The waterfront was ranked the most important, followed by the Buffalo Niagara Medical Campus. The downtown casino was ranked last.
The survey also found that a majority of residents are pleased with progress being made on the waterfront and, even more so, on the Medical Campus.
It was just the opposite when it comes to jobs and schools.
Sixty-five percent rated job creation as unsatisfactory. Seventy percent labeled the progress with the city schools as unsatisfactory, with 39 percent of that group labeling the effort as dismal.
These rankings would seem to explain a lot about why some leaders, such as Rumore, fell to the bottom and others, such as Zemsky, rose to the top of the leadership list.
Meet Howard A. Zemsky, the man dubbed by this survey as the leader of the leaders. A 53-year-old Republican-turned-Democrat, Zemsky not only received the best overall score among the 25 individuals ranked in the survey, but also was listed in first place by 30 percent of respondents. That’s twice as many first-place rankings as the person in the No. 2 spot and almost four times as many as the person in No. 3.
Some anonymous comments about him from survey respondents:
“Helped create a ‘place’ at Larkin Square where previously there was nothing.” – 60-something-year-old white male community leader from Buffalo.
“Dedicated to regional initiatives. We need a regional strategy.” – 50-year-old white businesswoman from the Northtowns.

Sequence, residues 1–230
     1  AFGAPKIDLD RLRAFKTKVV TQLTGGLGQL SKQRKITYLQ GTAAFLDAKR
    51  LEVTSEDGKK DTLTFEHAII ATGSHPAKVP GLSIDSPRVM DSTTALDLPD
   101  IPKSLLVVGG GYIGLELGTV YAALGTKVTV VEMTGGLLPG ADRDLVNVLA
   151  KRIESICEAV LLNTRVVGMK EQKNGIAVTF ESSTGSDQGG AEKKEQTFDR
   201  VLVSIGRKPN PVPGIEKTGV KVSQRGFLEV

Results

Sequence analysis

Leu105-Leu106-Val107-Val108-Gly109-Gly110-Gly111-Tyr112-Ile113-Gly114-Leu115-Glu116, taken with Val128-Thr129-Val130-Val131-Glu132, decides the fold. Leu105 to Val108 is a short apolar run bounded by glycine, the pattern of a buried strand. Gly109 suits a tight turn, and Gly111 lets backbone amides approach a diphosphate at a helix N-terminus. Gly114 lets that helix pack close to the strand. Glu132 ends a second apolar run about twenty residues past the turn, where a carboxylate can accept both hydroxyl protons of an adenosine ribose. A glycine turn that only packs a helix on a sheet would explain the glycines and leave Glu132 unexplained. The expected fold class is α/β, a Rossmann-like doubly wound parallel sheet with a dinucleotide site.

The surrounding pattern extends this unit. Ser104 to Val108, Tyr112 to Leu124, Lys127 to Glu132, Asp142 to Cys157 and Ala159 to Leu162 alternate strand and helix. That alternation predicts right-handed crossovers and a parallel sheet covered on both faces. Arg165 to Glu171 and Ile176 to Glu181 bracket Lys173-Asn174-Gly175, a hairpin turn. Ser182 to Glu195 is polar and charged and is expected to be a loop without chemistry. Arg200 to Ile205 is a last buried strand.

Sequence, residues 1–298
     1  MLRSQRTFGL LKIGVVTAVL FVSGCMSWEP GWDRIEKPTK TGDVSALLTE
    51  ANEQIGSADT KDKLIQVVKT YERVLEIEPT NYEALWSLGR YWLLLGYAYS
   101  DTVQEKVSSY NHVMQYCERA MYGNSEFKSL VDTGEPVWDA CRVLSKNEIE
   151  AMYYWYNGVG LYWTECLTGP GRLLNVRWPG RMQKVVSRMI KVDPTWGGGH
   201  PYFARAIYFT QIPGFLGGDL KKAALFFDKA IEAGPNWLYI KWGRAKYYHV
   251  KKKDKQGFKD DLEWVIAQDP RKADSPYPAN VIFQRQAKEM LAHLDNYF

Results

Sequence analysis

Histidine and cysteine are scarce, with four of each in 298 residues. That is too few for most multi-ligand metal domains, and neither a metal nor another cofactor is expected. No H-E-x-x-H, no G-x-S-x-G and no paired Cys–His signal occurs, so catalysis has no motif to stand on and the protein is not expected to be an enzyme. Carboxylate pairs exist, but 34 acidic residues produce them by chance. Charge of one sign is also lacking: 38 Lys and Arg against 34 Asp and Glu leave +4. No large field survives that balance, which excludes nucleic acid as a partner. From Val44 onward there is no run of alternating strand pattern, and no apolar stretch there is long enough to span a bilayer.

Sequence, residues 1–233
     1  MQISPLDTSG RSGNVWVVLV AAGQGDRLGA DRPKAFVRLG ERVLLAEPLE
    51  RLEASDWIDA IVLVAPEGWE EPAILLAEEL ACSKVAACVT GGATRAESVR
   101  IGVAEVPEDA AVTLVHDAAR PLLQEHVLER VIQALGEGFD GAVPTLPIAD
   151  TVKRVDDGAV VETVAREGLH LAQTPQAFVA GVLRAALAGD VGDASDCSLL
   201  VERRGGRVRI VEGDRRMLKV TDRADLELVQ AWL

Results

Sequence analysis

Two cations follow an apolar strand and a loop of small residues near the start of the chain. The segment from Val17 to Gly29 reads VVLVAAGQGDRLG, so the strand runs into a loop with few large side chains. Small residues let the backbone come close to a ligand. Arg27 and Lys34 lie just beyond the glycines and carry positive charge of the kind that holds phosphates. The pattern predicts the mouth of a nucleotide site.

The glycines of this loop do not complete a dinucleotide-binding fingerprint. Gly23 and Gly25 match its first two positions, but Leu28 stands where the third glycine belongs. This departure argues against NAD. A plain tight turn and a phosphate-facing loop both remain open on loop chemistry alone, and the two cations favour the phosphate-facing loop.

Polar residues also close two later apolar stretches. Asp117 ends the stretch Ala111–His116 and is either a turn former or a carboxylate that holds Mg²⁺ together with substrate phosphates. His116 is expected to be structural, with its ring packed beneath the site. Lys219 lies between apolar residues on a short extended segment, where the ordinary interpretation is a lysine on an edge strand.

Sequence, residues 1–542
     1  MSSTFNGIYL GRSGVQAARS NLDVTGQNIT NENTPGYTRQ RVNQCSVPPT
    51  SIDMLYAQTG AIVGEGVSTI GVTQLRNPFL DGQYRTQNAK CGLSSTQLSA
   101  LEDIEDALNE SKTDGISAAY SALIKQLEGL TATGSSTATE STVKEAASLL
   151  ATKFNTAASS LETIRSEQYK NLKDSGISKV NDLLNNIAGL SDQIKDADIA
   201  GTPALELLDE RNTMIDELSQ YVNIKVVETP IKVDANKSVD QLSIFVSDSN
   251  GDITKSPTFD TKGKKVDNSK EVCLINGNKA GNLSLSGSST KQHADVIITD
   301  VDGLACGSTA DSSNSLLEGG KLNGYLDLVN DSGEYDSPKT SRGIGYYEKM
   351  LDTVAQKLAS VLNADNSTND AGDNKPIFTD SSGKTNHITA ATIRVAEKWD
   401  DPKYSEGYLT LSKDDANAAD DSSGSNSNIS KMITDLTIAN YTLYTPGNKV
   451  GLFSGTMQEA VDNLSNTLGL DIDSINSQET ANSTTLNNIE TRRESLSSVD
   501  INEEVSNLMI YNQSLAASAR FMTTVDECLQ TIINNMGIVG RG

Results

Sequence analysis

“No personal agenda, inclusive leader, champion of the city.” – 60-something-year-old African-American woman from Buffalo.
“Converts talk to action.” – white male community leader.
“The ‘chosen one’ of Gov. Cuomo; has done great job with Larkinville.” – Buffalo businessman.
“Vision, follow-through. Gets the job done.” – 50-year-old African-American businessman.
Such accolades represent the growing role Zemsky has taken on as developer, NFTA chairman and as co-chairman, with University at Buffalo President Satish Tripathi, of the Western New York Regional Economic Development Council.
The latter two posts come virtue of Zemsky’s growing relationship with Cuomo, who considers Zemsky his Western New York development czar. No doubt the MBA-trained business executive picked up some of the skills for that role from years in his family business, his seven years on the NFTA and, more recently, his award-winning Larkinville redevelopment project on Exchange Street – and possibly also because of his generosity.